Analysis

The Michael Jackson Lesson for Salone

22 September 2009 at 02:10 | 1185 views

By Oswald Hanciles, Freetown, Sierra Leone.

The media – radio, T.V., internet; BBC, CNN, CBS, etc. – in nearly every country on planet earth, in French, Korean, Arabic, Chinese languages, etc is afire with condolences using god-like accolades for the “King of Pop”, Michael Jackson.

From our own small corner of Sierra Leone it appears as if there is hardly anything we can add, or, connect our country with, to this global outpouring of awe and grief. But there is… Including the numerous Michael Jackson (MJ) imitations in our country, a link of Sierra Leone to the late mega star was the attempt to lure MJ to come and visit here, and invest hundreds of millions of dollars in our Tourism Industry.

That was in 1998. Renowned lawyer, D.B. Quee, in his dank office on ECOWAS Street in the heart of the bustling business district of Freetown, had shown me several dazzling photographs of the Sierra Leonean delegation that had gone to meet with Michael Jackson (MJ) in a hotel in California, U.S., that year.

Quee was in the photo dwarfed by Michael Jackson; and there was also then SLPP Minister of State, M.B. Sesay – their Negroid complexion accentuated by the near-Caucasian skin tone of the African-American Michael Jackson made famous, or, notorious, for trying to conceal his race.

After that meeting, in a low-ceiling parlour – with subdued gray sofas and drab-coloured carpet - in his two storey house Close to State Lodge at Hill Station, I met the brains of the entire programme, the colorful late Junior Kabbah, one of the sons of former President Tejan Kabbah. (I had gone there with the ‘Sierra Leonean Michael Jackson’, a musician in his own right, popularly known as “STEFANO”).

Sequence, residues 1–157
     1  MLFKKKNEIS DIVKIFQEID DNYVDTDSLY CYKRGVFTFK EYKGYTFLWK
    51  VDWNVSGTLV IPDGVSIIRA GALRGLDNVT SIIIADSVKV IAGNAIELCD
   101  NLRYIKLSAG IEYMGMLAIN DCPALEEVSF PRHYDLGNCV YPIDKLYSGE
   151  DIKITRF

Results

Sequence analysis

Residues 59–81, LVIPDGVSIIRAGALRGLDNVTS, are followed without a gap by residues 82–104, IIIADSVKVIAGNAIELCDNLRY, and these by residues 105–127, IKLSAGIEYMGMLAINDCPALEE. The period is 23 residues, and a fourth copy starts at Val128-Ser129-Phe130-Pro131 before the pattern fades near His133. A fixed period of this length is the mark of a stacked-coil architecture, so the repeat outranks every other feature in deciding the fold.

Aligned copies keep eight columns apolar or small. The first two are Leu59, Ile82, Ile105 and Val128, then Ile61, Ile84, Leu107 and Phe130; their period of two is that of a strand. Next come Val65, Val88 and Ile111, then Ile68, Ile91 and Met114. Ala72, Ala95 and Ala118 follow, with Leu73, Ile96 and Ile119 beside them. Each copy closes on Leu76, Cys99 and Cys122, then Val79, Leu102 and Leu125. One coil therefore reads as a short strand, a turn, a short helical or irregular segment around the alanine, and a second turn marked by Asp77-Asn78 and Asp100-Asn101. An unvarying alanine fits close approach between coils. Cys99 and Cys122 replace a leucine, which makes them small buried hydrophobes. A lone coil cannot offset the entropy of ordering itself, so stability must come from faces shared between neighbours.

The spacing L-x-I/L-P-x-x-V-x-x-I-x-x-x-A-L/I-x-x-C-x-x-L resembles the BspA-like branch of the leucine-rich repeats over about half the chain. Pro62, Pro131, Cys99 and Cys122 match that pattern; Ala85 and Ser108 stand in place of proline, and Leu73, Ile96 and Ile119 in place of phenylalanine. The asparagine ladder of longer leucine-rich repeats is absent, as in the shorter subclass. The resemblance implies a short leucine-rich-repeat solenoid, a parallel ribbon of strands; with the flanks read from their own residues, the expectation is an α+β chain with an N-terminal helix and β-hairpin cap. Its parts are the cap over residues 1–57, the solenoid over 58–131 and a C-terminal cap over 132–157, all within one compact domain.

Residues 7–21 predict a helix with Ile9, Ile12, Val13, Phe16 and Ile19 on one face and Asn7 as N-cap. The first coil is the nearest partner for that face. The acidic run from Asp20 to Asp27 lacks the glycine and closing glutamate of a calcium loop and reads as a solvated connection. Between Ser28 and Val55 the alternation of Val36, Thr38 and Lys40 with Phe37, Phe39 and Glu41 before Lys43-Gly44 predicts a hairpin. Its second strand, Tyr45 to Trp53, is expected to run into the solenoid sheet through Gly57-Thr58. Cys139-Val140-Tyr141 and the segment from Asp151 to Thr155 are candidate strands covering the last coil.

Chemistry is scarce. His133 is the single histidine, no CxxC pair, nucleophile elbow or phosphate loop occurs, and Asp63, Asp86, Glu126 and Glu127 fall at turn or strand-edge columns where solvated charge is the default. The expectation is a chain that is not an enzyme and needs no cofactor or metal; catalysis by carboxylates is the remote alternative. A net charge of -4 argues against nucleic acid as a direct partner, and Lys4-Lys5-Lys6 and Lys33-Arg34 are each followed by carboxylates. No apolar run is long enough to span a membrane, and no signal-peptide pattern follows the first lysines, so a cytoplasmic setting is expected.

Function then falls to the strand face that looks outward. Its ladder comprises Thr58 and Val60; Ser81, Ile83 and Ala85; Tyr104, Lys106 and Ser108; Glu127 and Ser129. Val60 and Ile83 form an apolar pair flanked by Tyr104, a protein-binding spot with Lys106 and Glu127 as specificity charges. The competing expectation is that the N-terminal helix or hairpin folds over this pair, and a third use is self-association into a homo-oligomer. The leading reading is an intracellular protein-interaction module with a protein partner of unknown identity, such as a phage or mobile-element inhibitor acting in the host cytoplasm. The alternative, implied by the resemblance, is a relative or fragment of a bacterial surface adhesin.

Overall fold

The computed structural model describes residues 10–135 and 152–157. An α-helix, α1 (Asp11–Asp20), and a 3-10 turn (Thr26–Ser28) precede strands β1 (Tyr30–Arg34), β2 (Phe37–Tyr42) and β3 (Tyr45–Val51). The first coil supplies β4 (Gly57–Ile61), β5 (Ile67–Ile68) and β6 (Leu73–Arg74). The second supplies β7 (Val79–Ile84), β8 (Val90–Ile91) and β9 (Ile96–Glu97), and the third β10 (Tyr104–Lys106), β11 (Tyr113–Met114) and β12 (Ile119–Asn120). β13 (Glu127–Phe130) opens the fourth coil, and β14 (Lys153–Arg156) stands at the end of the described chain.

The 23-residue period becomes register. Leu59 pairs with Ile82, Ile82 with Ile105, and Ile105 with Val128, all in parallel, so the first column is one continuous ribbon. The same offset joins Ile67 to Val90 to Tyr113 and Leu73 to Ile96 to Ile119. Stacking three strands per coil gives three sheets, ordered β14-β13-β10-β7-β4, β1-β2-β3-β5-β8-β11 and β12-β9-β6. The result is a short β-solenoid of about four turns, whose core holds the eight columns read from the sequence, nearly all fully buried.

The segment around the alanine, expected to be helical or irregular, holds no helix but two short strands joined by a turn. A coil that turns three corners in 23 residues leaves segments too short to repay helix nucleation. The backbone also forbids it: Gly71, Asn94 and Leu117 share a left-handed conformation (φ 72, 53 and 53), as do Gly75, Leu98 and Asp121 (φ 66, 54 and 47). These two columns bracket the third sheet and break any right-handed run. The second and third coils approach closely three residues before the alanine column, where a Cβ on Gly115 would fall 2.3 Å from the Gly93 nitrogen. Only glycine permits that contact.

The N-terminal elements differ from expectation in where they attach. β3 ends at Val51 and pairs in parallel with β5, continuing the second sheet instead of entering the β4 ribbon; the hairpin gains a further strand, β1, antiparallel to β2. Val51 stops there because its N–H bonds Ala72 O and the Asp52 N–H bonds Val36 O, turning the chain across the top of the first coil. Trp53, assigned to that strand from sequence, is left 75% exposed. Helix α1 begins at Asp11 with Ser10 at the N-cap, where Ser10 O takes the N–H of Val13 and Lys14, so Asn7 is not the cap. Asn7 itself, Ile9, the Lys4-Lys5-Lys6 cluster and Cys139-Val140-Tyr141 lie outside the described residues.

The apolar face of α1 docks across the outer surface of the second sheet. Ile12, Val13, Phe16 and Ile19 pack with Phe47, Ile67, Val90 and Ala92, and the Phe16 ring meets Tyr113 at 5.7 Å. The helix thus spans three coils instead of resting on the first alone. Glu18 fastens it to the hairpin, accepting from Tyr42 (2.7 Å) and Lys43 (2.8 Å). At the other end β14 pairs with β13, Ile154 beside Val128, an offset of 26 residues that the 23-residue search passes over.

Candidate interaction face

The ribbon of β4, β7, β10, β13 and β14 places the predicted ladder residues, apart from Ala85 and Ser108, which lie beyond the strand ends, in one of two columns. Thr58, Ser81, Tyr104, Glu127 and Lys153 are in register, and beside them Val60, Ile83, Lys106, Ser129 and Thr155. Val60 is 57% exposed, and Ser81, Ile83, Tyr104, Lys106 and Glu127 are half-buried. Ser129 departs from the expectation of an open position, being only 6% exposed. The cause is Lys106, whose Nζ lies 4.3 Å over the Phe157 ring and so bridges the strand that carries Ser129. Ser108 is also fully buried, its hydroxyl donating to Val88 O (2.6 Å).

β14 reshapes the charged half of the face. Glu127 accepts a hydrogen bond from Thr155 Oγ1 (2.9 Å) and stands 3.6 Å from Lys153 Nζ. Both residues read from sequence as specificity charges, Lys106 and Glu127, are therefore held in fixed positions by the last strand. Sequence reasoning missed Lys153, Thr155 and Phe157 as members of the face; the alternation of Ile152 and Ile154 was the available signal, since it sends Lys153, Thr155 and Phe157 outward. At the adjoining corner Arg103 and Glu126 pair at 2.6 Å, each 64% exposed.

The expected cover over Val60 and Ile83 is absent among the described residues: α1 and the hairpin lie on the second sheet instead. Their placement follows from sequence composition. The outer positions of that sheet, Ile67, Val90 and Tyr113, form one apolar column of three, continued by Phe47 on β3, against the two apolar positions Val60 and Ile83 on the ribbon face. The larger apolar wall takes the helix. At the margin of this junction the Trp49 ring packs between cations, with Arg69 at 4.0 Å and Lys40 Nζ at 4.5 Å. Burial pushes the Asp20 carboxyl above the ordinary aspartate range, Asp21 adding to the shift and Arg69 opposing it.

It was Junior Kabbah who had told me about the plan his Sierra Leonean group has with Michael Jackson to invest some $700 million in a tourism estate in Freetown: “Hotels, casinos, game parks, like Sun City in South Africa”; he spoke expansively, as if that dream was already a reality. He also showed me a huge autographed photograph of Michael Jackson and said that he would sometimes speak with MJ on the phone. J

Junior Kabbah, confident, friendly, asked me “not to rock the boat” with whatever I would do with the Michael Jackson idea; and assured me that I would be “part of the team” he was the covert leader for, which was developing the MJ programme in Sierra Leone.

About a week before meeting Junior Kabbah, I had published in THE DEMOCRAT newspaper my pace-setting attempts in October of 1997 (yes, even when Major Johnny Paul Koroma’s AFRC/RUF were in power in Freetown) to publicize my vision of attracting Michael Jackson to my beloved country.

The late King of Pop

In Monrovia, Liberia in 1989, the magazine I (was) am the brains and Editor for, GREENLOVE, published a piece on the video which my organization aimed to use to link Michael Jackson and the quest to preserve and conserve the rainforests of Liberia, which was then one of the richest biological spots in the world. In 1990, the organization I was the CEO for in Liberia, Save My Future Conservation Society, did a 3 minute documentary called “Liberian Girl”. Remember, there was this song, “Liberian Girl” in Michael Jackson’s 1987 album, “BAD”.